Commercial property insurance and your business

Commercial property insurance and your business

As a commercial or small business owner, there are many things you might be liable for but one of the most costly is property damage. We look at which types of damage to look out for and how to ensure you are covered whether you are a tenant or a property owner.

What is property damage?

The term ‘property damage’ can actually refer to a number of things that are not just bricks and mortar buildings and structures. Firstly, property in business insurance terms is anything that belongs to the business, from its stock and furniture to machinery and money kept at your premises. As long as money (up to a specified amount) is kept safely at your premises, it will be covered, however any money or goods in transit require specific insurance.

Secondly, property damage could also refer to damage to your client’s property. So if you own a business that requires you to visit other premises - such as a client’s house or business, or if you work in public - property damage is something that usually included under your liability insurance. If, for example, you or a staff member are at a client’s offices and spill or break something, then any claim made against you could be covered by having property damage liability insurance in place.

Finally, if you are the owner (landlord) of a property, damage to the actual structure of the property can have significant repercussions, both from a loss of income point of view and in terms of your legal liability.

Property damage for commercial property

Commercial property owners in South Africa have to be well informed when taking out property insurance to ensure that they are not underinsured at claims time. Often, buyers take out property insurance with their bank or bond originator to the original bond value - not the true replacement value. Therefore, it’s important to properly value a property once the purchase is completed and to continuously value it. With Santam, it’s possible to add an escalation clause to your policy to allow for inflation.

The second common pitfall of commercial property insurance is that landlords misjudge the replacement value of additional fixtures and fittings besides the ‘bricks and mortar’ building. Depending on your building, you may have to reinstall elevators and escalators, air-conditioning systems, gardens, paving and so on. Furthermore, if a building is occupied by tenants, it’s also important to bear in mind the potential loss of income should a building burn down.

With Santam, business insurance policyholders will enjoy comprehensive cover for buildings, including theft of fixtures and fittings (loss or damage with forced or violent entry/exit from your building), storm, flood, malicious damage and fire. This cover automatically provides for loss of rent up to 25% of the sum your buildings are insured for, e.g. if your buildings are insured for R1 000 000, you will be covered for loss of rent up to R250 000. Plus, you will get property owners’ legal liability cover included for R1 000 000. While that is a nice bonus, it’s imperative to have adequate legal liability insurance - especially if you have a number of residential or commercial tenants who may suffer damages during a disaster, for which you might become legally liable.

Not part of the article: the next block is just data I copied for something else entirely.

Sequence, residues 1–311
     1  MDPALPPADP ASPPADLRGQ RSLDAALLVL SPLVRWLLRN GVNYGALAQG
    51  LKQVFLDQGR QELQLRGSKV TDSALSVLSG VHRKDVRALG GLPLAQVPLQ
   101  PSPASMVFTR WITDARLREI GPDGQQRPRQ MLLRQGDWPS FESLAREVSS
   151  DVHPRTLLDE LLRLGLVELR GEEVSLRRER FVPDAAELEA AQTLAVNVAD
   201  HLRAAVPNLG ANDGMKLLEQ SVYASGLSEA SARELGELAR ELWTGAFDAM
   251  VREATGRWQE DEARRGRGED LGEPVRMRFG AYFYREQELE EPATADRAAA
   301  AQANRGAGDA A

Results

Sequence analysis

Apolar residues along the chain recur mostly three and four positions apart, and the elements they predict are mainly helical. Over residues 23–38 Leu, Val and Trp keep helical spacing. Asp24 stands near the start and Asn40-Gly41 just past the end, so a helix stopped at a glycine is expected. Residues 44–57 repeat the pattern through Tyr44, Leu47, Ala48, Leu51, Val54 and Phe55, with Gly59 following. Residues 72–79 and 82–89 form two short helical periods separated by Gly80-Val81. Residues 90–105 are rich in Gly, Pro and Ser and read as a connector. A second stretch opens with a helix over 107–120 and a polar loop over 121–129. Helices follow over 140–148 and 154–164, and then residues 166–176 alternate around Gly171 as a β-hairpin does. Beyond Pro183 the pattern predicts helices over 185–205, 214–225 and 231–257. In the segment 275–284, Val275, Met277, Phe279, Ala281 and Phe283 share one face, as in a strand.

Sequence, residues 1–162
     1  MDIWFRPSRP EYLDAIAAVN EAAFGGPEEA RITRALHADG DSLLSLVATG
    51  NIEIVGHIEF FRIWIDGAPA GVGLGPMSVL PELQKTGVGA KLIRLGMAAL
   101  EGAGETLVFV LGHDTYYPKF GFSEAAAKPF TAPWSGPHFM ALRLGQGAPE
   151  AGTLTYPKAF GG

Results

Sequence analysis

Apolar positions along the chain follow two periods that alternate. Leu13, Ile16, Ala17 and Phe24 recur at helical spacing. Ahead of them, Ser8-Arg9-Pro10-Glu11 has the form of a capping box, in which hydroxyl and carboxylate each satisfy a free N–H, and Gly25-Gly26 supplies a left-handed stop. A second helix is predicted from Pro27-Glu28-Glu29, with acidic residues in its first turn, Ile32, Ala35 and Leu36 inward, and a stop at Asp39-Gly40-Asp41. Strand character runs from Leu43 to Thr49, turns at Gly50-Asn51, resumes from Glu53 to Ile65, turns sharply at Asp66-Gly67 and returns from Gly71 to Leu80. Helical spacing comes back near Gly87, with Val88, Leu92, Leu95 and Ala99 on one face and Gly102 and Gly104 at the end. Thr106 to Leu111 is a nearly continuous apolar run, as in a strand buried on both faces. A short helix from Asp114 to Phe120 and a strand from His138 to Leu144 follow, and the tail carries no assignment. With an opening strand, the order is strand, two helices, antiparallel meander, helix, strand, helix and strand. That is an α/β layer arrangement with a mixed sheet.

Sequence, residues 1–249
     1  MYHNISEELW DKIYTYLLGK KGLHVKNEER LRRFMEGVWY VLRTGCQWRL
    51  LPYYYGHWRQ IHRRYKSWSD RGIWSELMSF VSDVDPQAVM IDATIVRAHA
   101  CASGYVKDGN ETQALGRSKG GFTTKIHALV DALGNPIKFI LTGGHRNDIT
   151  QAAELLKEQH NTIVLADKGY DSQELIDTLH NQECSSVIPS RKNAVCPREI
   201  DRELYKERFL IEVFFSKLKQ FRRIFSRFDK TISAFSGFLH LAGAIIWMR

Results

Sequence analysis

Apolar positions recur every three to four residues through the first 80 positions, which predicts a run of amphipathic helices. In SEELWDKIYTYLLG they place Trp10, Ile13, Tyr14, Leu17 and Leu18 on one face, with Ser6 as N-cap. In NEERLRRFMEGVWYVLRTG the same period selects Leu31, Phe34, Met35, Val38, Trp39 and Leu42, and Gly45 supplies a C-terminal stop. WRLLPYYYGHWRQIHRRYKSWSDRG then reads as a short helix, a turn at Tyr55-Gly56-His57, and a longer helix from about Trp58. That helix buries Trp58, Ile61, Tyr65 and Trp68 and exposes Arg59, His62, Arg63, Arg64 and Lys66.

Understanding the time frame around reconstruction

It’s important to remember just how long the process can take to get a building reinstated, from removing existing damaged structures and debris, the design stage of the replacement structures and getting plans approved, to construction, finding new tenants and so forth.

The ‘buildings combined’ section of Santam’s business insurance covers landlords against loss of rent, however only until the building is inhabitable. Of course, just because a building is ready for tenants to move in, does not mean that you’ll have tenants ready to unpack their boxes. You still have to advertise, sign contracts and so on. Therefore it’s important to understand the time frame until the building is ready for occupation again, but also consider wider cover options like business interruption insurance, which is more flexible to your needs.

Property damage if you are a tenant

For many business owners, it makes more financial sense to rent a property than own it outright, or you may run a restaurant or shop in a big shopping mall or complex. You could be held responsible for damages should, for example, a fire break out on your premises. Therefore, it’s important to check what type of insurance your landlord has on the building you are renting and how that policy affects your coverage. Your insurance broker can help you look through your rental contract to ensure that your business insurance policy covers anything your landlord insurance will not cover.

Also bear in mind that while a landlord is responsible for structural damages caused by things like storms, hail, fire, burglary, you as the business owner is still responsible for your own stock, machinery and cash.

Get in touch with your broker if you have any questions about business insurance or call us on 0860 444 444 for a free quote. Visit the business advice section on our blog for more articles tailored to business owners, such as the top festive season risks for retail businesses.

Remember: if you’re an existing Santam client, you can add policies and make changes to your cover right here on the Santam client site.

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